Saturday, August 2, 2014


As part of a group of French aviation cadets sent to the US for pilot training during WWII, we observed the traditions associated with successful first solo flights, including the bucket of water doused on the airman after landing.

The short-snorter is less well known since it is no longer part of the solo ceremonies, but in the ′40s it was a ritual for first flights.

Before I describe this memento, I want to mention the flight that brought me to this point:
Soloing was one of the most important events in our flight school lives. I was in Primary Training, Hawthorne School of Aeronautics, Orangeburg, SC.  My first flight alone was November 14, 1944, just four days short of my 21st birthday. The instructor, Harold Ackerman, turned to me as we shut off the engine of my PT-17 on November 13, and said, “Narboni, tomorrow you’ll solo.”

On the morning of the solo flight, I donned my equipment and, with Mr. Ackerman in the right seat, www.whenigrowupginonarboni.comflew to a nearby airfield.  Mine was the only plane.  We did a couple of “touch-and-gos” in the PT-17 and after landing the second time, the instructor told me to taxi to the rest area.  He climbed out, came around to the left side of the cockpit where I was sitting and gave me his instructions.  They were simple:  Take off and land twice.  Taxi back to the dispersal area.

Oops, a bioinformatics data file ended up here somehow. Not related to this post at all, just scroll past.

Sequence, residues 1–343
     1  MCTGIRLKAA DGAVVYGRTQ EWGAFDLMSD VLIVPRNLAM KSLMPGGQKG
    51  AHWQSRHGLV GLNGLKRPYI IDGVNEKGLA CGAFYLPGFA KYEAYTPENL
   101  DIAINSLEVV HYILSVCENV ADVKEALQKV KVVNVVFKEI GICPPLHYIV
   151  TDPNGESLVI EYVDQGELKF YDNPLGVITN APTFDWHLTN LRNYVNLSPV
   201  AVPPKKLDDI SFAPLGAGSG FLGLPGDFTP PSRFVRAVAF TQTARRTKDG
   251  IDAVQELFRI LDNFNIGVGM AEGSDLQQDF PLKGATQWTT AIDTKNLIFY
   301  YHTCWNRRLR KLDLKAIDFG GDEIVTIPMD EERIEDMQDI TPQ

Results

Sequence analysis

I taxied to the end of the runway, turned around and gunned the engine; it was simpler than I expected. I was airborne!  I kept looking around for other traffic, all the while keeping altitude and orientation in the landing pattern.  I kept talking to myself, particularly, on final: watch air speed and let’s have a nice flare-up for the instructor to watch.  Everything came naturally.

As soon as I landed, I pulled out a dollar bill and handed it to Mr. Ackerman, who was waiting for me.   He signed the bill, and then I wrote the date, airfield location, and airplane identification number on the border.  Tradition ruled that if I were to meet Mr. Ackerman in a bar and he asked to see my autographed dollar bill, and if I could not produce it, I would have to buy him a shot, or a “short-snorter.”

I am prepared.  My short-snorter is in my wallet as it has been for the past 70 years. 

Gino R. Narboni
Col. USAF, MC, Ret

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